All about Psychometry

“Psychometry” as a term was coined by Joseph R. Buchanan in 1842 (from the Greek words psyche, meaning “soul,” and metron, meaning “measure.”) Buchanan, an American professor of physiology, was one of the first people to experiment with psychometry. Using his students as subjects, he placed various drugs in glass vials and then asked the students to identify the drugs merely by holding the vials. Their success rate was more than chance, and he published the results in his book, Journal of Man. To explain the phenomenon, Buchanan theorized that all objects have “souls” that retain a memory.

Psychometry is a psychic ability in which a person can sense or “read” the history of an object by touching it. Such a person can receive impressions from an object by holding it in his/her hands or, alternatively, touching it to the forehead. Such impressions can be perceived as images, sounds, smells, tastes and even emotions.

Psychometry is a form of scrying–a psychic way of “seeing” something that is not ordinarily seeable. Some scry using a crystal ball, black glass or even the surface of water. With psychometry, this extraordinary vision is available through touch. A person who has psychometric abilities–a psychometrist–can hold an antique glove and tell something about the history of that glove, the person who owned it, or about the experiences that person had while in the possession of that glove. The psychic may be able to sense what the person was like, what they did, or how they died. Perhaps most important, the psychic can sense how the person felt at a particular time. Emotions in particular, are most strongly “recorded” in the object.

How to Do Psychometry

Although some believe that psychometry is controlled by spiritual beings, most researchers suspect that it is a natural ability of the human mind. Michael Talbot agrees, saying that “the holographic idea suggests that the talent is latent in all of us.”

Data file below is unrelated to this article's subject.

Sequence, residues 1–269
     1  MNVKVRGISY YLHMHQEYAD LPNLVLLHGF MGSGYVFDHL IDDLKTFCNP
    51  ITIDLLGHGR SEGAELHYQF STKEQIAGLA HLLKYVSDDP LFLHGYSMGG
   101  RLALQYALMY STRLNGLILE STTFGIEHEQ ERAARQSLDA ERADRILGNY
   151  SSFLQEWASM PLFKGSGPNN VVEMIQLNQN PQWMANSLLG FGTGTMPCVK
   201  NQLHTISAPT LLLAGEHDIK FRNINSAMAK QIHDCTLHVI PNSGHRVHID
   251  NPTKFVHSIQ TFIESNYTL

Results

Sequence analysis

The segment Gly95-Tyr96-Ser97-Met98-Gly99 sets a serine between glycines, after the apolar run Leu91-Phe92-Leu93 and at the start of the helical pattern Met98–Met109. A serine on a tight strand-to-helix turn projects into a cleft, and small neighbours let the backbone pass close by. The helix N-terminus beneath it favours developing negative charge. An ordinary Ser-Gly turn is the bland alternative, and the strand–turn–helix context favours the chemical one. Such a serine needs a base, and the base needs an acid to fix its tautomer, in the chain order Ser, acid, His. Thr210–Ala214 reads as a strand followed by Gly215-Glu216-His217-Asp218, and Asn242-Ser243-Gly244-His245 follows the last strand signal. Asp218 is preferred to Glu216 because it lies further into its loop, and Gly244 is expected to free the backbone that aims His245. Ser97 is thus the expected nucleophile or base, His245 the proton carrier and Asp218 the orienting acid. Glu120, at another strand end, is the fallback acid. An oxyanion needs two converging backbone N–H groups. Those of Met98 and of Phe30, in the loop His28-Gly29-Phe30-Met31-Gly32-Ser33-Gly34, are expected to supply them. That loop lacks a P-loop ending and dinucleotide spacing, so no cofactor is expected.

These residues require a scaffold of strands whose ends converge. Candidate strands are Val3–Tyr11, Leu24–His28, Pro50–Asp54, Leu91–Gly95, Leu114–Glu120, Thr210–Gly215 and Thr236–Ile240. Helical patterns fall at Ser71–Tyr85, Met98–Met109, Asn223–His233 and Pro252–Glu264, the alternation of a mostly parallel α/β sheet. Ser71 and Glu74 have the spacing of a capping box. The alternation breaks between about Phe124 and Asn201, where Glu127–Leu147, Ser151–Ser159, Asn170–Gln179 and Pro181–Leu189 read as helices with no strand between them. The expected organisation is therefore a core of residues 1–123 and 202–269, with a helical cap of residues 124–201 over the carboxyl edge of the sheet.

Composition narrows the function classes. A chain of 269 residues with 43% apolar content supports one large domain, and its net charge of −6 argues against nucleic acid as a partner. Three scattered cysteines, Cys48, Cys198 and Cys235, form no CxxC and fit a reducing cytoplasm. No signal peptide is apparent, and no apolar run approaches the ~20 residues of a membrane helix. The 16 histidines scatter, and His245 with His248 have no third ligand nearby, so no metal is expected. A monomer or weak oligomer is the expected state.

Here’s how you can try it yourself:

  1. Choose a location that is quiet and as free of noises and distractions as possible.
  2. Sit in a relaxed position with your eyes closed. Rest your hands in your lap with your palms facing up.
  3. With your eyes remaining closed, ask someone to place an object in your hands. The person should not say anything; in fact, it’s best if there are several people in the room and you don’t know who the person is giving you the object. The object should be something the person has had in his/her possession for a long time. Many researchers believe that objects made of metal are best, theorizing that they have a better “memory.”
  4. Be still… as images and feelings come into your mind, speak them aloud. Don’t try to process the impressions you get. Say whatever you see, hear, feel or otherwise sense as you hold the object.
  5. Don’t judge your impressions. These impressions may be strange and meaningless to you, but they might be of significance to the owner of the object. Also, some impressions will be vague and others might be quite detailed. Don’t edit–speak them all.

“The more you try, the better you will become,” says Psychometry – Psychic Gifts Explained. “You should start to see better results as your mind becomes used to ‘seeing’ the information. But you can progress; at first, you will be pleased to pick up on things correctly, but the next stage is to follow the pictures or feelings. There may a lot more information that you can obtain.”

Don’t worry too much about your rate of accuracy, especially at first. Keep in mind that even the most renowned psychometrists have an accuracy rate of 80 to 90 percent; that is, they are inaccurate 10 to 20 percent of the time.

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